std::auto_ptr<int> ptr(new int);
if not then why not?
The answer was simple if one knows what std::auto_ptr<> is good for, what its deleter is. std::auto_ptr<> uses delete operator to destruct owned pointer (pointing to a dynamic allocation made via new operator). So, it comes down to mixing of constructs like array form of new and simple delete. That is undefined behaviour as per the standards. You can read up more about these operators here - Free New, Delete Malloc
By design, the standard auto_ptr<> smart pointer is not suitable for dynamic array allocations. There can be many alternatives though. Few of those are as listed below:
- Avoid self memory management and instead use std::vector<> / std::deque<> for dynamic arrays.
- Use boost::scoped_array<>/boost::shared_array<>/boost::shared_ptr<> with a custom deleter (delete) passed in.
- Write your own smart pointer : auto_ptr_array<> (same implementation as std::auto_ptr<>) just that it uses array form of delete instead of delete.
For the second point above - you can read more about custom deleters and shared_ptr<> here - Custom deleters with smart pointers
A boost::shared_array<>/boost::shared_ptr<> might not be the right choice if you don't want the reference count overhead of shared ownership which really should not be required when talking about auto_ptr<>s but if that's not an issue to worry about, it should work fine.
Another confusion arose, why doesn't std::auto_ptr<> do a delete instead of delete? Well, again, because it is not intended for array allocations. It would hence not work for singular objects created on the free store. This is because of the way delete might be implemented by the compiler.
There can be many ways in which delete could be implemented. Two of those are explained here - How does delete know how many elements to destroy? It is important for delete to know how many elements to destroy particularly since it is used with non-POD types as well and there, the destructor calls are necessary to be made for each of the to-be-destructed elements of the array.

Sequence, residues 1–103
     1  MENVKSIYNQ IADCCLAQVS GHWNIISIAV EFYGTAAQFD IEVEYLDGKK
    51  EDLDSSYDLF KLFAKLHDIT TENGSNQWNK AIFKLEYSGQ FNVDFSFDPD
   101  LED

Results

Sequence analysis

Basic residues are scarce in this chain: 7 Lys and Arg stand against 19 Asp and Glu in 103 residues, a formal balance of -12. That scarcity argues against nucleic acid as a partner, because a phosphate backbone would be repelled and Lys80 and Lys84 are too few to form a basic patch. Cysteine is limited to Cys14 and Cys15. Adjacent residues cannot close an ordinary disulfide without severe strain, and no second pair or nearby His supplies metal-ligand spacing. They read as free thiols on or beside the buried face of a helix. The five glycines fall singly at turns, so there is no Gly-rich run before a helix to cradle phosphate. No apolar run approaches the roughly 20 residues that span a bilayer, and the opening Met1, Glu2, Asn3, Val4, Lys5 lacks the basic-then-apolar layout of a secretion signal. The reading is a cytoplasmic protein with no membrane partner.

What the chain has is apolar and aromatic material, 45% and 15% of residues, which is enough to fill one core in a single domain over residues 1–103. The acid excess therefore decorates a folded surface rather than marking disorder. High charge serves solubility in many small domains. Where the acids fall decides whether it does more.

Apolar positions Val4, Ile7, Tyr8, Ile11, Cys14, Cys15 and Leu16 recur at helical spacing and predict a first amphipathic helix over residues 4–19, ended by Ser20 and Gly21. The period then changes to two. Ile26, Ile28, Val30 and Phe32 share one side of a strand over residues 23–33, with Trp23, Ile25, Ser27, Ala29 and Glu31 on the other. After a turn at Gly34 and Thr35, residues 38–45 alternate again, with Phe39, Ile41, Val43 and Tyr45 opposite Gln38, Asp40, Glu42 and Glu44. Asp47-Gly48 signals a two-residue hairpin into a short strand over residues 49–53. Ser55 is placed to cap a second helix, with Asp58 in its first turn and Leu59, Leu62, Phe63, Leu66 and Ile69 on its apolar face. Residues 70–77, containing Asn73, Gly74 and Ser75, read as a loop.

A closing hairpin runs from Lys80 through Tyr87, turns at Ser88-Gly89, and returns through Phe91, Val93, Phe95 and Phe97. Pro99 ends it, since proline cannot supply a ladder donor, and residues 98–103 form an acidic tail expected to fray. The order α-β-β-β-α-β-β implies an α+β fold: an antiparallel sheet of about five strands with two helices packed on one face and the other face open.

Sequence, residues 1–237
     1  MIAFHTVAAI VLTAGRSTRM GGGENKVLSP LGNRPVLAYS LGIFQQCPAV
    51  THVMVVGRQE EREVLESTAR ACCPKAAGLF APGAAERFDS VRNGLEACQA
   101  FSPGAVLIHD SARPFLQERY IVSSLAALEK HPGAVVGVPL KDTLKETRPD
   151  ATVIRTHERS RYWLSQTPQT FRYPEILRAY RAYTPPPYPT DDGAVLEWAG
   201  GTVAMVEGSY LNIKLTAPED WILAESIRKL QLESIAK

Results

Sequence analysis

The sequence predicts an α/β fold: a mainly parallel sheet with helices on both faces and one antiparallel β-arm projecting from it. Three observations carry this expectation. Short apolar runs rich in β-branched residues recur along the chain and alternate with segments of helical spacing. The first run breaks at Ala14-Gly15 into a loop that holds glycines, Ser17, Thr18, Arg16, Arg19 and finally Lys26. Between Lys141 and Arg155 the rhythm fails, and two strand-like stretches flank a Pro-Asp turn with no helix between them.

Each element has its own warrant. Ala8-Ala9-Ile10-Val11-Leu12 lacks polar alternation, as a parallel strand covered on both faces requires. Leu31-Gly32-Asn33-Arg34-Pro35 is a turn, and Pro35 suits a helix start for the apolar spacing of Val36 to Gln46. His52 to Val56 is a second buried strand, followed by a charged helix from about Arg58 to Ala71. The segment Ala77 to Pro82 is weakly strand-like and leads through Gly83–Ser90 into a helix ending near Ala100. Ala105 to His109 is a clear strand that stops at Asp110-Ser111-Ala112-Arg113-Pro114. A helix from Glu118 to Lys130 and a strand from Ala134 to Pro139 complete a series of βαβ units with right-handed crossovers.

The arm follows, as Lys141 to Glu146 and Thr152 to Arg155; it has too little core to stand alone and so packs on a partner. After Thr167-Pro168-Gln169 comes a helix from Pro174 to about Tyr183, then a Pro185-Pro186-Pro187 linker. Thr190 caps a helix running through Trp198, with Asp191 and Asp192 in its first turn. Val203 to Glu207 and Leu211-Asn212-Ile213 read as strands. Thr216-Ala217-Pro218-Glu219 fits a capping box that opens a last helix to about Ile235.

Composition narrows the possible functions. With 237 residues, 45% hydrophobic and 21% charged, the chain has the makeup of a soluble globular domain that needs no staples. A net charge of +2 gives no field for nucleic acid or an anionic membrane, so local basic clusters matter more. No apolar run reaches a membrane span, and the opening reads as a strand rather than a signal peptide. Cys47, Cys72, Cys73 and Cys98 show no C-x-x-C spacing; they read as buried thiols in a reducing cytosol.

The first method listed in the C++ FAQ Lite uses an extra allocation to remember the size you ask for at the runtime, if you used delete for single allocations, the compiler might try to interpret the block before the pointer you call it on as being size but since that was not allocated in the first place (new was not used!) - expect anything to happen, a crash or any other form of runtime error (depending upon how that error is translated on a particular system).
For the second, where array length association might not exist, it could cause anything depending upon a number of factors about the compiler implementation. One such possibility is, it could leave the variable uninitialized (yeah, its a bad thing, may not actually be happening, but who knows for sure about all compilers? We are just talking of possibilities here) - in which case the size could be anything - even 2 which goes beyond the buffer you allocated and again can cause any fault to the system/system free store. If the size is initialized to 0, it could leave the memory untouched and hence lost resulting in a leak. Memory leaks can be really dangerous particularly on systems that don't reclaim the leaked blocks by a process.
So, when the standard says, its undefined behaviour, it can result in anything. Worse could happen and thinking about these issues beyond the statement of "undefined behaviour" is rather silly. There can be many such "interesting" stories that one can write up. The key is, use std::auto_ptr<> what it is suited for, use delete/delete what they are suited for. Mixing them is really dangerous.
There is a peculiarity to note though. If you do the allocation for the single element using array form of new - you could use delete for that single element. That is:
int * ptr = new int;
delete ptr; //OK
Well, not really a peculiarity, but yeah, something to take note of.
Forum reference : What's wrong with std::auto_ptr<int> ptr(new int);?